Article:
Doctor’s Day honors local physicians |

Doctor’s Day honors local physicians

Gary Cooke
Special to The Union

Dr. Winni Loesch began her medical career as a registered nurse in critical care, and enjoyed the direct, intense relationships that were required with each patient. But after six years, she wanted to be involved with patients over a longer period of time and in a wider spectrum of care. That's why she decided to study for her medical degree and become a family practice physician.

Continuing and comprehensive care, together with the formation of long-term, trusting relationships are what help to define family practice, according to Debra Wagner, RN, director of physician recruitment and community outreach at Dignity Health Sierra Nevada Memorial Hospital.

"These doctors are at the core of the medical community," she said. "They're basically the first stop in medical care, providing ongoing treatment for a wide variety of health issues, and sending their patients to specialists as needed."

The hospital will honor these providers along with all local providers on March 30 — National Doctors Day.

The holiday was established in the 1990s to acknowledge physician contributions to society and the community, and falls on March 30 each year.

Although many family-practice physicians share basic interests in lifelong care of families and individuals of all ages — they bring their own styles to their practices.

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For example, Dr. Loesch has transformed hers into what she describes as a "concierge" medical model.

Her Amethyst Medical Group has a personalized and preventive focus, and is smaller than that of a traditional family practice physician.

"Nationally, most family practice doctors care for about 3,000 patients," she said. "I used to have 2,800 patients before creating my current practice, where I now have about 400."

Her patients pay a $1,500 annual fee as members of the group, and for that Dr. Loesch goes well beyond the diagnostic and treatment model allowed by insurance carriers. She said about 80 percent of her patients are covered by Medicare.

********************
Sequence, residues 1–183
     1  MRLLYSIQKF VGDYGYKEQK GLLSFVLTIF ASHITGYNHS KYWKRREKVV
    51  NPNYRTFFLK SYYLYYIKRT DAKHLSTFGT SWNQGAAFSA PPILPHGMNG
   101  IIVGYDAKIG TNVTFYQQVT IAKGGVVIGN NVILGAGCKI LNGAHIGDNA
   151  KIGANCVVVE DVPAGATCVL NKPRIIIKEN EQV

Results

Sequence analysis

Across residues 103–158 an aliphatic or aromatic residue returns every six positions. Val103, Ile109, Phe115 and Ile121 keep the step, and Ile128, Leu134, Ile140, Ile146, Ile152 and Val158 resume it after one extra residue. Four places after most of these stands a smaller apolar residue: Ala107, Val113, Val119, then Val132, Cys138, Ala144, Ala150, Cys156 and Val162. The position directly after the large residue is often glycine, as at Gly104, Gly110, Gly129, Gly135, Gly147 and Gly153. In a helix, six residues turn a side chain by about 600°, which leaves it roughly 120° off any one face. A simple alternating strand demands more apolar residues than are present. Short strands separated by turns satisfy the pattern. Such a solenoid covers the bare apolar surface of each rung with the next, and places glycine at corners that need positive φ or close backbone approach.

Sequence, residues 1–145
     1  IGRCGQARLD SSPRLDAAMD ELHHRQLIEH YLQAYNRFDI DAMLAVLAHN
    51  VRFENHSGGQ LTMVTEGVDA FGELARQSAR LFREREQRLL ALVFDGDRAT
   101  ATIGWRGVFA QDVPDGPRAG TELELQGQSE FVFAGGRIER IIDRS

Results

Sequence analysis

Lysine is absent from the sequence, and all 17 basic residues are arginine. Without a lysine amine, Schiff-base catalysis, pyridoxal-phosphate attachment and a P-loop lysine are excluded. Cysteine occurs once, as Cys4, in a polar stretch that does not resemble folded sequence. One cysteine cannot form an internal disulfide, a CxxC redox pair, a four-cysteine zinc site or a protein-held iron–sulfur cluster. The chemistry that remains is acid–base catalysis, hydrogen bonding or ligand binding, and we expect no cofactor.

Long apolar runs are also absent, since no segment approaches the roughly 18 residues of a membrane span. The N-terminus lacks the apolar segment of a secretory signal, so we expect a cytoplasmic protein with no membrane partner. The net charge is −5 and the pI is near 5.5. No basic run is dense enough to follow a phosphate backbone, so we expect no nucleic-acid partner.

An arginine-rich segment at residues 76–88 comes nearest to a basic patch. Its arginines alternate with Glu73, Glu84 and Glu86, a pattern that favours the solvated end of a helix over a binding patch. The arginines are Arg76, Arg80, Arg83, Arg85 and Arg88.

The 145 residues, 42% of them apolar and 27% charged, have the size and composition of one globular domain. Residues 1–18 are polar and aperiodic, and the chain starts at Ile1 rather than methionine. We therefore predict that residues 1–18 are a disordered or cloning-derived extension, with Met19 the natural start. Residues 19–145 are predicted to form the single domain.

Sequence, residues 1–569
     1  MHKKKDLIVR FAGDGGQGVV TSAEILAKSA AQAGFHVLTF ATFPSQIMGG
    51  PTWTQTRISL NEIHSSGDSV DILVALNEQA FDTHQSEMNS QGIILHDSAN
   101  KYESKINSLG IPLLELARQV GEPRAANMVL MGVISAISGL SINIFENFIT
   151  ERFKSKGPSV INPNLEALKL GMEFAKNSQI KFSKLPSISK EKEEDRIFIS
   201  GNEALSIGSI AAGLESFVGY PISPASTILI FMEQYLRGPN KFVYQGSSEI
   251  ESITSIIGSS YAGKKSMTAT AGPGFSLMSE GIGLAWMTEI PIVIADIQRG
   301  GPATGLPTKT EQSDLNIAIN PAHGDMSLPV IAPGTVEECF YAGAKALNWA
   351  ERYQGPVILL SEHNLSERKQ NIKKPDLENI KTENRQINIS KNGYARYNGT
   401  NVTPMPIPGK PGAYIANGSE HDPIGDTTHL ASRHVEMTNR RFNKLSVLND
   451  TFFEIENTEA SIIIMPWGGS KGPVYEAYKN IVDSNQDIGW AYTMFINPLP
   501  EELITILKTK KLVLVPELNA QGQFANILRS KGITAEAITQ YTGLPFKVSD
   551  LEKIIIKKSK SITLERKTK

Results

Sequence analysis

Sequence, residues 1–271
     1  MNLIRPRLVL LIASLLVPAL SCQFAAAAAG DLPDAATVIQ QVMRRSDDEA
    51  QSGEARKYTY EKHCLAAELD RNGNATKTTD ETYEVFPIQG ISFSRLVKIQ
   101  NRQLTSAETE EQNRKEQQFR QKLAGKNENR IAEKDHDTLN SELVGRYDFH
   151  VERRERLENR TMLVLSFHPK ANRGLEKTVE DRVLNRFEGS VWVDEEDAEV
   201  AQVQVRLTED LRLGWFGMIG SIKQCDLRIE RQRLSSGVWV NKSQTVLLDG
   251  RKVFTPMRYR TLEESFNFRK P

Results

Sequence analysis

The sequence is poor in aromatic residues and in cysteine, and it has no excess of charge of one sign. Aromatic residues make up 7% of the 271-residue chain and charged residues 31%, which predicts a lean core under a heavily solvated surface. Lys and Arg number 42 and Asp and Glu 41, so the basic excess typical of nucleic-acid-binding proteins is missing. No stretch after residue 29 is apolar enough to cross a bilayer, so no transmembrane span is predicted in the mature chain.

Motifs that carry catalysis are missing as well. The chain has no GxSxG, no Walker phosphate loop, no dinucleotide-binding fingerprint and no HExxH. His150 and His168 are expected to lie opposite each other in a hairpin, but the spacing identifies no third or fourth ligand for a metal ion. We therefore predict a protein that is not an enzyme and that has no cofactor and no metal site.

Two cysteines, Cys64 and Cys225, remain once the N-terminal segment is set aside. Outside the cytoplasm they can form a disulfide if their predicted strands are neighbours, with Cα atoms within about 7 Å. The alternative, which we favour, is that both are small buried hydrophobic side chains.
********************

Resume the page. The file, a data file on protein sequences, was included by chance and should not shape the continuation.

"My real focus is on prevention," she explained. "We look at the whole person, weigh lifestyles, lab results, nutritional and other information and work with patients to help them make life changes that will actually alter their metabolism. I give them annual wellness examinations that last at least two hours, covering them from head to toe and helping them set up a program of what they need to do to balance their lives and stay healthy."

She said she spends many hours of non-billable time on research for patients, and is available to them by cell phone any time of day or night. "Patients get seen today or tomorrow," she said.

She loves that this approach allows her to spend more time with each patient.

"I still work hard, but I love what I do," she said.

Dr. Andrew Burt, with Sierra Care Physicians, was also drawn to family medicine because he likes the one-on–one relationships it requires.

"I hoped to get to know and care for both individuals and families over an extended period of time," he said. "The relationship that a primary care physician has with his or her patients is unique." The best family care "includes a focus on preventive care and evidence-based practice," he said.

Dr. Burt was studying engineering in college when he decided to look at other options.

"I wanted to do something where I could interact with people on a meaningful level and help them in a tangible way," he explained. "Soon after I started volunteering at a hospital I made my decision."

Like so many others, he chose a practice in Grass Valley/Nevada City because of its environment and sense of community.

"I grew up on California's central coast in a community of similar size," he said. "But I've always been drawn to the Sierras, so this community seemed a perfect fit."

Dr. Todd Bouchier, with Dignity Health Medical Group Sierra Nevada, began professional life as a botanist, pursuing his love of natural science. Although his mother was a nurse, his love of reading led him to appreciate "the philosophy of reverence for life" of Dr. Albert Schweitzer, the early 20th Century physician missionary who went to Africa. Schweitzer's life inspired him to become a physician.

He chose family medicine, "because I'm a jack-of-all-trades and didn't want to get locked into a specialty," he said.

"I like the cradle to grave aspect of family practice, and I want to know more about the narrative of peoples' lives and be able to interact and contribute. I just try to share my zeal for life, and get them to adhere to healthier lifestyle habits and help them achieve their own personal health."

Dr. Bouchier is an avid fisherman, hiker, and "plant and fungus nerd" who loves sharing the local environment with his two sons and wife Danielle, who is a nurse.

"I've got firm roots here," he said. "I plan to be here a long time."

Dignity Health Sierra Nevada Memorial Hospital wishes to thank all of the local physicians who provide exceptional care and services to our community.

All physicians providing care for patients at SNMH are members of the medical staff and are independent practitioners, not employees of the hospital.

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